While they were eating, he took bread, said the blessing, broke it, and gave it to them, and said, ‘Take it; this is my body.’ Then he took a cup, gave thanks, and gave it to them, and they all drank from it. He said to them, ‘This is my blood of the covenant, which will be shed for many.’ (Mark 14:22-24).
Corpus Christi is the celebration of the True Presence of Jesus, Body, Blood, Soul and Divinity in the Most Holy Eucharist. This is not a fact that I always knew or even understood.
Where I grew up, there was a Portuguese Catholic Church on my block. Every year, on the Feast of Corpus Christi, I would watch in amazement as the main street in town was blocked off so that a large group of women from this parish could prepare for the parade. They would have boxes of flower petals of every color you could imagine and they would use them to make a beautiful design on the ground in the street. I remember being very confused because their beautiful creations would then be trampled by the procession of people that later walked down this same street into the church. They had children in their first communion outfits, young women in fancy dresses, bands, and, unbeknownst to me, Jesus, in the Holy Eucharist leading the way! I knew something special was happening, but I didn’t really understand what.
As I aged, my curiosity regarding the Eucharist grew. I remember asking my mother on several occasions how the Eucharist could really be Jesus when it still looked and tasted like bread; a truth that I couldn’t quite grasp at the time and I forgot about for most of my adolescence. I can’t say that I really began to understand the reality of this mystery until I was 19 years old and had a powerful experience at my youth group Mass. I remember half listening to the homily about Jesus being really present in the Eucharist, and, doubtfully in my head, saying, Yeah, yeah, yeah, it is really Jesus. That day though, when I walked up to Communion something amazing happened. When the priest held up the Eucharist and said the words, “The body of Christ,” it was almost as if I audibly heard Jesus say, “Hello Christine.” Immediately, I realized that I was not ready to receive Jesus and I quickly placed my arms across my chest for a blessing. I still remember the next week after going to Reconciliation, and probably making the first real confession of my life. That day I was able to receive Holy Communion, really understanding Who I was receiving.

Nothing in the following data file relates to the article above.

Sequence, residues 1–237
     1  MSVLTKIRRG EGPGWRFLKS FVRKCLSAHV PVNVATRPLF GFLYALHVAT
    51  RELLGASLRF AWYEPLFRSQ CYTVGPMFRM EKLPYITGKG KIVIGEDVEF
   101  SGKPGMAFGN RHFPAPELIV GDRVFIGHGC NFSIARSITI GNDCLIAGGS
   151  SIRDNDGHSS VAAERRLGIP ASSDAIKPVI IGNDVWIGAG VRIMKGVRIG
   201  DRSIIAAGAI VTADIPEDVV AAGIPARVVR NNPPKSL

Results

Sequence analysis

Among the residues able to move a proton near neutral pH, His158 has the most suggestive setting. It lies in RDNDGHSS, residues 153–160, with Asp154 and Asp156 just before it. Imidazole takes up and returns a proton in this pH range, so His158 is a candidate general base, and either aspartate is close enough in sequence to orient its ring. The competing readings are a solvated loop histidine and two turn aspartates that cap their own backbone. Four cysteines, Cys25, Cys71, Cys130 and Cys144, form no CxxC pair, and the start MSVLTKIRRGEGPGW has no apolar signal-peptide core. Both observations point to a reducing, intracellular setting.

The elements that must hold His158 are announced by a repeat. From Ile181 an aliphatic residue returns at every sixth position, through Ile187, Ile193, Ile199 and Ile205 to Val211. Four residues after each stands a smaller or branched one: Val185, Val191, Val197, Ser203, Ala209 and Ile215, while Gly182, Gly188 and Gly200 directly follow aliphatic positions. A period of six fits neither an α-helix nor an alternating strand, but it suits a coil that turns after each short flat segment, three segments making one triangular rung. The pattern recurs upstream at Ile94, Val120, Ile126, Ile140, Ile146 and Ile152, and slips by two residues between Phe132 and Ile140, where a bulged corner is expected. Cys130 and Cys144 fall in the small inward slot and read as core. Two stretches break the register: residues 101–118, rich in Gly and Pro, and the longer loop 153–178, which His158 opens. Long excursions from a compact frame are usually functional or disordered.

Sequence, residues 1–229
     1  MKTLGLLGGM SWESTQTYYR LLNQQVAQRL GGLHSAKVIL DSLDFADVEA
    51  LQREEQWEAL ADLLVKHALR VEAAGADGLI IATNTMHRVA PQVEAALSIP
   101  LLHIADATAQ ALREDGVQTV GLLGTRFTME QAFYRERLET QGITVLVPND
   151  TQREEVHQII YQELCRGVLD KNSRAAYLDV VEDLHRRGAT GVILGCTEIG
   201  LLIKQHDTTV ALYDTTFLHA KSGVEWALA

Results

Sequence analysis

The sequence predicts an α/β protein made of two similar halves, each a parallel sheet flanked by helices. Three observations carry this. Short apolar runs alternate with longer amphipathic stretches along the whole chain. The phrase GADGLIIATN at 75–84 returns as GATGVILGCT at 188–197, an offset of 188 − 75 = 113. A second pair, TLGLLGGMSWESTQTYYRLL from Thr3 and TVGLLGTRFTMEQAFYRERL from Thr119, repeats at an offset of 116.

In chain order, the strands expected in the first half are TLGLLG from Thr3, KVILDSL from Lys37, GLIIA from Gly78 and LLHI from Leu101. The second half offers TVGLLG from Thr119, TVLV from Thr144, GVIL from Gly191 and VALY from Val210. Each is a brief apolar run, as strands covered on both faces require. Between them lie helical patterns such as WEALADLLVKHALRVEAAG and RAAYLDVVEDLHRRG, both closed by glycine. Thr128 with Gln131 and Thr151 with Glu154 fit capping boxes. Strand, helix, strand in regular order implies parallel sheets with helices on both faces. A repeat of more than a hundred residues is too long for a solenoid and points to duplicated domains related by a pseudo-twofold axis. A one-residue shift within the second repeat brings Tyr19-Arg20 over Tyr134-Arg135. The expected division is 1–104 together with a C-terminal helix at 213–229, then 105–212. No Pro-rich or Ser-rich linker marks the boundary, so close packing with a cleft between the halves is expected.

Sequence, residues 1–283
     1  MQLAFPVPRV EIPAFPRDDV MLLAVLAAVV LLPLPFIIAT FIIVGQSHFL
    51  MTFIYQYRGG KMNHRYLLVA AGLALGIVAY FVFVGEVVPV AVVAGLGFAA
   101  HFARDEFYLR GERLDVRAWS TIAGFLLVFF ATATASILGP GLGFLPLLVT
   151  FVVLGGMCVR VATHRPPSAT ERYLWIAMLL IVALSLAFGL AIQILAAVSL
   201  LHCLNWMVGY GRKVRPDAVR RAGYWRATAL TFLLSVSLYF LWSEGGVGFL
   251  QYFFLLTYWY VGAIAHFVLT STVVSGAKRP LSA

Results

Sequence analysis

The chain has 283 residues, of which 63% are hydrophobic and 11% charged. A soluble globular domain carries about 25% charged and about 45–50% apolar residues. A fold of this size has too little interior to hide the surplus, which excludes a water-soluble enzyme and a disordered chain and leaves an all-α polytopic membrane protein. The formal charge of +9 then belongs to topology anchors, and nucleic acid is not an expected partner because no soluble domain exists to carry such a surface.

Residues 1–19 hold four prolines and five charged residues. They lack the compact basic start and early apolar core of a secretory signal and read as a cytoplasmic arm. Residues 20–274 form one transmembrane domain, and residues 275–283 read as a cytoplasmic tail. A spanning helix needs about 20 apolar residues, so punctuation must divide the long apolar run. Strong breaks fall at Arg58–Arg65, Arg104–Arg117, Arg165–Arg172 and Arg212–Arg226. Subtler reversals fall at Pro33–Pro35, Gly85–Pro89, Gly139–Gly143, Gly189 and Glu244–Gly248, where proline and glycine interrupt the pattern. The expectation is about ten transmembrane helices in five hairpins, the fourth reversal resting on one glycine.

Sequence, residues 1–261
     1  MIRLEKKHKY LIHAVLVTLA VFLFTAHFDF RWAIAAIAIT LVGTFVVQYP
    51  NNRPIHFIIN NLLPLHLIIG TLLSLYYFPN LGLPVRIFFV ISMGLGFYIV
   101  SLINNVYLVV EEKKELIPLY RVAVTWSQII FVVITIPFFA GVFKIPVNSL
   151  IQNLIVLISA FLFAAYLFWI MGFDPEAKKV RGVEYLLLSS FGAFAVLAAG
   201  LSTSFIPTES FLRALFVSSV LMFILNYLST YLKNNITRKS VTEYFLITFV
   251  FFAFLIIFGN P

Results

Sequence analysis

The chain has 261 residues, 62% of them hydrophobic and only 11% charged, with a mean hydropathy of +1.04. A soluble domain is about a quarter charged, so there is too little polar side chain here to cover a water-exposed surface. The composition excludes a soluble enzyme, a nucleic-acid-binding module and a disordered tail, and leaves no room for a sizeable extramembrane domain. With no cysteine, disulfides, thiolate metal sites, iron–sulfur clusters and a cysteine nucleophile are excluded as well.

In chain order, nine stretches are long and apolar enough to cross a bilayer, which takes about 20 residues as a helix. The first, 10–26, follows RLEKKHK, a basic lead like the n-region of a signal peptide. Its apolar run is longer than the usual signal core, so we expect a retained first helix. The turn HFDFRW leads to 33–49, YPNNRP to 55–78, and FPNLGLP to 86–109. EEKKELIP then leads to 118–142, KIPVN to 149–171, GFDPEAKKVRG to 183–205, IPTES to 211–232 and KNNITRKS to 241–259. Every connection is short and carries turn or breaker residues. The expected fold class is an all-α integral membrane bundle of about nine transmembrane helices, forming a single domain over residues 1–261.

Many years have passed since then, but with the current pandemic I am once again longing for the day when I can physically receive my Lord in the Blessed Sacrament. Until that day comes, I will pray that my heart always longs for this gift and that I will always be the Tabernacle that Jesus deserves.
Jesus, thank you for the gift of Your True Presence in the Most Holy Eucharist. Thank you for loving us enough to want to be near us always in this special way. Thank you for knowing we learn through our senses and for giving us the gift of Reconciliation so that we can hear out loud that our sins are forgiven and then we can touch You, hold You, and receive You. Help us to never take these gifts for granted. Amen.
Christine Dufresne has been a Promised Pauline Cooperator for 5 years. Originally from New Bedford, MA, she served at a mission in Kentucky for 16 months before moving back to MA where she currently lives in Norwood. In addition to being a foster parent, she has been working with children in various ways for the past 25 years, helping with the children’s program on retreats and with the Holy Family Institute group in Boston, and is currently a nanny for several families. She serves as a Eucharistic minister in her home parish of St. Catherine’s in Norwood. Most recently she has completed her studies and is awaiting graduation with her Bachelor’s in Psychology/Human Services. She has embarked on latest part of her journey to adoption from foster care of a sweet seven year old little girl. God is Good!!!